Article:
Democrats are planning hearings on Medicare for All. Good – it's a topic that Americans deserve to hear more about.

Let's hope these hearings examine not only the costs in terms of dollars, but the potential cost to the quality of health care available in the U.S. and the risk of rationing that is inevitable in any government-run healthcare system. Check out this video from our friends at the Steamboat Insitute to learn more:


Public support for Medicare for All seems to be growing, but various polls also show that this support is malleable, meaning, when people learn more they are less likely to favor the idea. This is why it's so important to clarify terms and have an open and honest debate. The U.S. has long considered this idea, but has rejected it many times, including when Democrats held all branches of the government in 2010 (and instead, they passed the Affordable Care Act, or ObamaCare). Vermont was planning to implement a statewide single-payer plan, but ditched it due to too-high costs. Colorado voters rejected a ballot initiative 2-to-1 in 2016 that would have established a similar plan in the Centenntial State. 

Medicare for All is just the latest rebranding of "socialized medicine," a term that is no longer in vogue. For some time, the hot term was "single payer" but now the left is focused on Medicare for All due to the high level of satisfaction among seniors with Medicare coverage. What they don't mention is that Medicare can't possible expand to the full population without serious problems, for seniors and young people alike. For one thing, recall that Democrats could only pass the ACA with the false promise that people could keep the coverage they had and liked; Medicare for All would be so disruptive that millions of Americans would certainly lose their current coverage, like it or not.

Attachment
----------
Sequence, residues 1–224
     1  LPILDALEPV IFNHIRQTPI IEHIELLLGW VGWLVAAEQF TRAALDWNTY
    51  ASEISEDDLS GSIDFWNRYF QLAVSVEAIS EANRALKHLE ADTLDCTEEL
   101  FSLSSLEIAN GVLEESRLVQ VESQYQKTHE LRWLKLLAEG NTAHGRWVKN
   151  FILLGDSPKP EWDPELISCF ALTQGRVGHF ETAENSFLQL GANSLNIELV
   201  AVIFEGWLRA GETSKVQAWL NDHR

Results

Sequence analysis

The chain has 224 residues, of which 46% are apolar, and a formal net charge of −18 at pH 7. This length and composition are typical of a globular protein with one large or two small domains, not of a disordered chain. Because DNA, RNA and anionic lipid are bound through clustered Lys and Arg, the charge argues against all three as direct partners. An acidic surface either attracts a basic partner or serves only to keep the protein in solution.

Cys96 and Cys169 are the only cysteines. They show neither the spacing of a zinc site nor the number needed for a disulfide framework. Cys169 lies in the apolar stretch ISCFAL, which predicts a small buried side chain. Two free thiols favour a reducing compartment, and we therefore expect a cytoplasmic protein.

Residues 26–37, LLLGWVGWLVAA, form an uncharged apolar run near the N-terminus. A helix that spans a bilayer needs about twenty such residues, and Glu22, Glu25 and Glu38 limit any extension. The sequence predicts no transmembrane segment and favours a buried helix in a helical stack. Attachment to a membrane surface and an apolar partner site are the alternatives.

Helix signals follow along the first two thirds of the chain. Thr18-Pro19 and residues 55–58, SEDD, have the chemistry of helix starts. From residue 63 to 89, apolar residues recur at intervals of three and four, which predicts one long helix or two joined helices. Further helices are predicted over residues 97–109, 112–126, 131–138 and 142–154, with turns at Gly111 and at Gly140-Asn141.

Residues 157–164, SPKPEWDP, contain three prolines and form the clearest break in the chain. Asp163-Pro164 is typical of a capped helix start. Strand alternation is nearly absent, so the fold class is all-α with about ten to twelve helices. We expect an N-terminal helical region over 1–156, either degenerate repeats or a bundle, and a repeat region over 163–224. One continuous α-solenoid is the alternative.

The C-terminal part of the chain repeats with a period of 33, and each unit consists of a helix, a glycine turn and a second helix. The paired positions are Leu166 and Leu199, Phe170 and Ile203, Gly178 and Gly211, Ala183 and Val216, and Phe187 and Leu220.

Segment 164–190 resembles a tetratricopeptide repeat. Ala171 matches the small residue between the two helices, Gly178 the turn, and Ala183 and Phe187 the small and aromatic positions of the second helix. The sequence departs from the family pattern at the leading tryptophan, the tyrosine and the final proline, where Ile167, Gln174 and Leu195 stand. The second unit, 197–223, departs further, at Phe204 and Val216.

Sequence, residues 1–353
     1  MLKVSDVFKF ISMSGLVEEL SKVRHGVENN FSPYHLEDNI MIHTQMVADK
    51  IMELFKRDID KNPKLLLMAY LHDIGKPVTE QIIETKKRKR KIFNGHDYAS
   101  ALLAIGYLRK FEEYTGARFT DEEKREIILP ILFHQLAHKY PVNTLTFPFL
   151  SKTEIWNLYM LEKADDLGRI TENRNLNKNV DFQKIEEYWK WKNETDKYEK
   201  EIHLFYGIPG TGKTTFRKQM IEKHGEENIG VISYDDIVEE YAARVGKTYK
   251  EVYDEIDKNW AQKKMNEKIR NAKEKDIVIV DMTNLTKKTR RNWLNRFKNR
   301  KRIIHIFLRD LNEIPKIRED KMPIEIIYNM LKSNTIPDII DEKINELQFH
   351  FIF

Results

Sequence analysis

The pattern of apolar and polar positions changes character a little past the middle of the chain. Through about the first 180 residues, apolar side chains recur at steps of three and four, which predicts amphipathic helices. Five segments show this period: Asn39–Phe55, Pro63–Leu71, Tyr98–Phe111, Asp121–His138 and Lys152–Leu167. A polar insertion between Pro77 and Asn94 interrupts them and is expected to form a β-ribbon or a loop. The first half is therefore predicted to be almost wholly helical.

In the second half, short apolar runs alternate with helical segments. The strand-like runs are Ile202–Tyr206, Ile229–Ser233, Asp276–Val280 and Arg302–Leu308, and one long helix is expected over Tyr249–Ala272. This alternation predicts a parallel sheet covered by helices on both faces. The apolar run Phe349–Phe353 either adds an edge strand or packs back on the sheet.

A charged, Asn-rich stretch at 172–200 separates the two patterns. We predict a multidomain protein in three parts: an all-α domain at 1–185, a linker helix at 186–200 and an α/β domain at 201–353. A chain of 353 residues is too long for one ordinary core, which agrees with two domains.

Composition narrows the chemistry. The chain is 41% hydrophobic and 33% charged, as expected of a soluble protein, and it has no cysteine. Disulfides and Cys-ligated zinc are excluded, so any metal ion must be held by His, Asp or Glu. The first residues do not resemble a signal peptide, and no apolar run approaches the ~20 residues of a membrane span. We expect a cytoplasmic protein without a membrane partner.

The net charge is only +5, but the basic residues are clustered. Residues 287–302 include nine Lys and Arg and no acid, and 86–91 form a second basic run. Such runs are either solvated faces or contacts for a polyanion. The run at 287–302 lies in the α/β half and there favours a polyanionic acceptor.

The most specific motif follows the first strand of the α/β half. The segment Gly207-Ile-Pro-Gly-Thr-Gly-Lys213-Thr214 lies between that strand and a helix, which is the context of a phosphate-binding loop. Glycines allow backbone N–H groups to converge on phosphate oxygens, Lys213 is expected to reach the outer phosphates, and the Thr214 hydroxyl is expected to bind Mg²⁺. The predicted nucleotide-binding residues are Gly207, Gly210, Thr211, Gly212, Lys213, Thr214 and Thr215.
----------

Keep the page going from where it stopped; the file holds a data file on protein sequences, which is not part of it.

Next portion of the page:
Single payer is just another way to say only payer, and when the government is the only payer, this means there's no competition. No competition means no choice.

We have serious problems in our health care system, and it's understandable that Americans are frustrated with insurance companies and with the status quo, but at least with some semblance of a private market for insurance, patients and employers can change plans when they are dissatisfied. With only one government option, that wouldn't be possible. Unhappy with the service, timeliness, or availability of government-funded health care? Too bad. Americans deserve to hear the truth and the whole truth about Medicare for All as lawmakers consider this misguided proposal.